Italian. Pasta portions tend to be quite large, which means you generally overload on the starches. Order smaller portions and avoid cream based sauces and heavy cheeses. Pizza can be ordered with less cheese, or even without cheese and just topped with vegetables. Less starchy options include Carpaccio, veal, minestrone soup or grilled chicken or fish.

Asian. Asian restaurants generally have a wide range of healthier choices. Sushi, miso and clear vegetables soups, stir-fried vegetables with chicken or beef and steamed fish all represent good choices. Avoid spring rolls and deep-fried foods, as these are high in kilojoules.

Indian. Indian curries are exceptionally high in fat, as they are made with butter and cream. Try Tandoori style foods, which are cooked without the addition of fats in a clay pot. Chicken or vegetables tikka are also better options. Avoid overloading on the heavy Nan breads, especially the buttered ones.

Deli-style eating. The best choice when eating at a café or deli is salad. Be careful though not to overload on fat choices. Generally, try including no more than two fattier foods in your salad, choosing from things like, salad dressings, olives, avocado, nuts, seeds, crotons and cheeses. When ordering sandwiches, choose lighter breads like health or rye or wrap bread over bagels, thick ciabattas and focacios and opt for lower fat fillings.

Burger joints. This quintessential take out food can pack quite a punch when it comes to kilojoules and fat but offers very little in terms of good nutrition. Opting for chicken burgers is better, and at least ditch the fried chips.

Chicken take-outs. Fried chicken is one of the highest fat take out options you could choose, so rather opt for flame grilled or rotisserie style chicken. In some chains you can also request that the chicken be cooked without the skin, or you can order plain chicken breasts. Choose rice or salads as a side instead of chips.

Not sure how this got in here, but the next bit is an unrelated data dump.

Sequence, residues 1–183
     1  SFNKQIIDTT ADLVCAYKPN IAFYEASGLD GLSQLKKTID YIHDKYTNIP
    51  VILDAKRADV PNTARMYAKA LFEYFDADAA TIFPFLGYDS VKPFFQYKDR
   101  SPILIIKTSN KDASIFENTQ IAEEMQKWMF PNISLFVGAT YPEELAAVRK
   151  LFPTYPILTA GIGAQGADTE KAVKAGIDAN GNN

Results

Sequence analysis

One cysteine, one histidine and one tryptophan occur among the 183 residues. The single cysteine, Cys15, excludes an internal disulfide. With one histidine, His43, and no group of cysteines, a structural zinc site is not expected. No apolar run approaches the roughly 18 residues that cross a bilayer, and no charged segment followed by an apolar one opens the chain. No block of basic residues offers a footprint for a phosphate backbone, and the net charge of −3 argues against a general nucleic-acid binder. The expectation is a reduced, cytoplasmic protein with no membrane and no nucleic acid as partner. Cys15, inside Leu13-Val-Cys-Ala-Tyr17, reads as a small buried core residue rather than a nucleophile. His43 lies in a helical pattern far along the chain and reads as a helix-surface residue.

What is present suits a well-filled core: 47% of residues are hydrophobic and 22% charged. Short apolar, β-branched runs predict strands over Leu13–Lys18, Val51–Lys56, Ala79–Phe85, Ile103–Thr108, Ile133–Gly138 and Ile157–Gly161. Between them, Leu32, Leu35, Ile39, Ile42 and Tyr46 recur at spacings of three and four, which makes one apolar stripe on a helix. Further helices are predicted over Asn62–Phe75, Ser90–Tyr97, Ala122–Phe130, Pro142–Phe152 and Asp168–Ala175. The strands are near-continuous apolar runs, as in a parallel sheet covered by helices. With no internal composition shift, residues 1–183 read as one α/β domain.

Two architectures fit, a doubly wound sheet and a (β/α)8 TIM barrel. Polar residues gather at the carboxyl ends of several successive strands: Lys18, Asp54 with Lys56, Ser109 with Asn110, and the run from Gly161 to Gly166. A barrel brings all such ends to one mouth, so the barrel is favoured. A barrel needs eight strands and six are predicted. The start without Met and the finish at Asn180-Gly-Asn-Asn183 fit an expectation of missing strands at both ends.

Choosing Healthy Beverages

Water. Good old plain water represents your best option for a healthy drink. Drink at least six to weight glasses daily and order water with your meal when you dine out. Tap water will do but for best results invest in a home purification system or purchase bottled prepared, spring or mineral waters. Flavoured and sweetened waters are generally not the best choices because they tend to be loaded with either sugar or artificial sweeteners.

Coffee. Running into your coffee joint for a caffeine fix can turn out to be a diet disaster. Filter coffee or Americano will have virtually no kilojoules, and therefore better than choosing milkier coffees like cappuccinos and lattes. Adding sugar will further bump up the energy value, so use little to no sugar or sweeteners. Herbal teas are good caffeine free options to regular tea and coffee. Try and avoid the temptation of grabbing a chocolate muffin or slice of cake to go with your drink.

Fizzy Drinks. There is really no healthy choice for fizzy drinks, which are either loaded with sugar or artificial sweeteners, on top of being acidic and devoid of any real nutrition. Plain soda water and sparkling mineral water are better choices.


7 views

© 2019

  • b-facebook
  • Instagram - Black Circle
  • Pinterest - Black Circle